Identification of cross-species shared transcriptional networks of diabetic
nephropathy in human and mouse glomeruli.
Authors Hodgin JB, Nair V, Zhang H, Randolph A, Harris RC, Nelson RG, Weil EJ, Cavalcoli
JD, Patel JM, Brosius FC, Kretzler M
Submitted By Matthias Kretzler on 3/7/2013
Status Published
Journal Diabetes
Year 2013
Date Published 1/1/2013
Volume : Pages 62 : 299 - 308
PubMed Reference 23139354
Abstract Murine models are valuable instruments in defining the pathogenesis of diabetic
nephropathy (DN), but they only partially recapitulate disease manifestations of
human DN, limiting their utility. To define the molecular similarities and
differences between human and murine DN, we performed a cross-species comparison
of glomerular transcriptional networks. Glomerular gene expression was profiled
in patients with early type 2 DN and in three mouse models (streptozotocin
DBA/2, C57BLKS db/db, and eNOS-deficient C57BLKS db/db mice). Species-specific
transcriptional networks were generated and compared with a novel
network-matching algorithm. Three shared human-mouse cross-species glomerular
transcriptional networks containing 143 (Human-DBA STZ), 97 (Human-BKS db/db),
and 162 (Human-BKS eNOS(-/-) db/db) gene nodes were generated. Shared nodes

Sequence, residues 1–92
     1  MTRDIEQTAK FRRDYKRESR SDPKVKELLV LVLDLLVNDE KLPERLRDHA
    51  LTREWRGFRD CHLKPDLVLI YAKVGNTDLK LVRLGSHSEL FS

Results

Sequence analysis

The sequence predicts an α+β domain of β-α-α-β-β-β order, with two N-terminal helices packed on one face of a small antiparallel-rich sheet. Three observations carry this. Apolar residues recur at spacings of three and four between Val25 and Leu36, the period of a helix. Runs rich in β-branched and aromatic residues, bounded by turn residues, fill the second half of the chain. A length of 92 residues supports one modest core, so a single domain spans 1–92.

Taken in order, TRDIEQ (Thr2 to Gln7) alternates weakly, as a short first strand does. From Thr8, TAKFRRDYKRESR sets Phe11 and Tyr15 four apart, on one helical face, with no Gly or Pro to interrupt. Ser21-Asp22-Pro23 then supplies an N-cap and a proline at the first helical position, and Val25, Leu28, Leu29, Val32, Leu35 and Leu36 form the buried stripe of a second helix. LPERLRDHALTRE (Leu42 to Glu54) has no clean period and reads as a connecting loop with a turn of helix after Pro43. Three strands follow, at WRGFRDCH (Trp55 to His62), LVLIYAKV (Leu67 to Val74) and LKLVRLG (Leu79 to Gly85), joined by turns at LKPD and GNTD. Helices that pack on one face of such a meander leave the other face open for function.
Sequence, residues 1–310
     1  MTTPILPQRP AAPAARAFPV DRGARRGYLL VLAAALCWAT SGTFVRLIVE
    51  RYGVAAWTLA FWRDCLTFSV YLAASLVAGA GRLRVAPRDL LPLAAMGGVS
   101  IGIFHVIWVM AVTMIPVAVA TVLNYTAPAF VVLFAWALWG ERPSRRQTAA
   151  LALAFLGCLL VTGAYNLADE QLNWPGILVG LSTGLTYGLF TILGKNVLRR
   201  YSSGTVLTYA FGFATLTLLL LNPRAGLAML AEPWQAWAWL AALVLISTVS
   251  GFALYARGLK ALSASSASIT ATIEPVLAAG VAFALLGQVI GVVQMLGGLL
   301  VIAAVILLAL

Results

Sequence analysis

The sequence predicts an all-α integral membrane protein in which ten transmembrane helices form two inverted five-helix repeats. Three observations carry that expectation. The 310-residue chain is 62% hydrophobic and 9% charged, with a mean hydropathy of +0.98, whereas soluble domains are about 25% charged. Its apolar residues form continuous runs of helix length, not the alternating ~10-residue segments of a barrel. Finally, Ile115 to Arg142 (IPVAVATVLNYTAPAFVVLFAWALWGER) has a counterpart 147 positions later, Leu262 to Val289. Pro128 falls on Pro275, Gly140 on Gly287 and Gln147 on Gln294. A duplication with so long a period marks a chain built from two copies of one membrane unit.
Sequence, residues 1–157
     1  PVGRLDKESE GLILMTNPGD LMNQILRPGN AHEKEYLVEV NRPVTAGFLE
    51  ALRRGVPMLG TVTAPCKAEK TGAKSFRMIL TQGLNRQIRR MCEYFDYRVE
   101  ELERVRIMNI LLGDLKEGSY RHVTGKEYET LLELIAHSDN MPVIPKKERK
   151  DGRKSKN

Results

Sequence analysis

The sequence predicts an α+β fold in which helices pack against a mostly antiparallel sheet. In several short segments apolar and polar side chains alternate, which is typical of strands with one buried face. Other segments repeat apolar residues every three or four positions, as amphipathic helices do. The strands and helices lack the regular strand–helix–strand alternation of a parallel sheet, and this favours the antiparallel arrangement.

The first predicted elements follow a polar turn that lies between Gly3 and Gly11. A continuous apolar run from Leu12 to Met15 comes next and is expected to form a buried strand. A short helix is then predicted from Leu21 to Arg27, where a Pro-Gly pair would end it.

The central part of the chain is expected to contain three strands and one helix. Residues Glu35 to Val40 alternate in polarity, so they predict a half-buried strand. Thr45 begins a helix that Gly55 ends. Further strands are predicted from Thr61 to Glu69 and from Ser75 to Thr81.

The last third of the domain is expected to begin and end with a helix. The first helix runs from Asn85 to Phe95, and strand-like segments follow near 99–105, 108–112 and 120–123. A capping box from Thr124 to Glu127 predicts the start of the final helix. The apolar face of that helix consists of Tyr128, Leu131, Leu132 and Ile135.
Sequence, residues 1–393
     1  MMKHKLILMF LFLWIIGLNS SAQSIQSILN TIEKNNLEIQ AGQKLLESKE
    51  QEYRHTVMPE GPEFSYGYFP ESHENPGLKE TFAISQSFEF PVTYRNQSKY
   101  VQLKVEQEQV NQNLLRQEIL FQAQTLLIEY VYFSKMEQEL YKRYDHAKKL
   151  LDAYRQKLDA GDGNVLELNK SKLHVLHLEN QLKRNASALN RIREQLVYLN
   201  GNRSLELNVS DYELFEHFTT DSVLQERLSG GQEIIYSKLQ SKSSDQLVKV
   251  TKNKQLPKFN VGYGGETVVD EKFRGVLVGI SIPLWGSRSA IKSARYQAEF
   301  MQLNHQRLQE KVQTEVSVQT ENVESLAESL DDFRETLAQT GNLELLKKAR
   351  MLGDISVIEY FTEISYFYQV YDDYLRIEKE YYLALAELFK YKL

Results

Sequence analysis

across all networks reflected established pathogenic mechanisms of diabetes
complications, such as elements of Janus kinase (JAK)/signal transducer and
activator of transcription (STAT) and vascular endothelial growth factor
receptor (VEGFR) signaling pathways. In addition, novel pathways not previously
associated with DN and cross-species gene nodes and pathways unique to each of
the human-mouse networks were discovered. The human-mouse shared glomerular
transcriptional networks will assist DN researchers in selecting mouse models
most relevant to the human disease process of interest. Moreover, they will
allow identification of new pathways shared between mice and humans.

Investigators with authorship
Frank BrosiusUniversity of Arizona
Raymond HarrisVanderbilt University
Jeffrey HodginUniversity of Michigan-Ann Arbor
Matthias KretzlerUniversity of Michigan